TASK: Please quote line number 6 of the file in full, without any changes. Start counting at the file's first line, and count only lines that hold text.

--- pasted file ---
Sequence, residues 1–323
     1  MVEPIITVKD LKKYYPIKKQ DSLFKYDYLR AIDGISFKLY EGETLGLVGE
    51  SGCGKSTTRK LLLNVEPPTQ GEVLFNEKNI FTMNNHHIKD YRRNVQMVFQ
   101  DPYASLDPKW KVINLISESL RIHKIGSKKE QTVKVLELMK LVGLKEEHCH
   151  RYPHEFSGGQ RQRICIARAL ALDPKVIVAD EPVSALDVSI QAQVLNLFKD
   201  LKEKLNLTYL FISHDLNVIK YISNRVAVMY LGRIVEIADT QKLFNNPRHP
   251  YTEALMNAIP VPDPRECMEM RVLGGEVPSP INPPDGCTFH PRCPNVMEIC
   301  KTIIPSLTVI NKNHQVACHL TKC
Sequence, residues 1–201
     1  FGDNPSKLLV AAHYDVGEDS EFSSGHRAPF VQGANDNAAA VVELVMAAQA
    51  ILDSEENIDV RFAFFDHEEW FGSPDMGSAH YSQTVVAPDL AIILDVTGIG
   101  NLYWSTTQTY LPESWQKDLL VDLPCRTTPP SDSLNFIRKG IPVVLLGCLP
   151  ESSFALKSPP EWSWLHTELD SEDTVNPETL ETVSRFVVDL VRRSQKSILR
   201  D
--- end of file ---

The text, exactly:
   201  LKEKLNLTYL FISHDLNVIK YISNRVAVMY LGRIVEIADT QKLFNNPRHP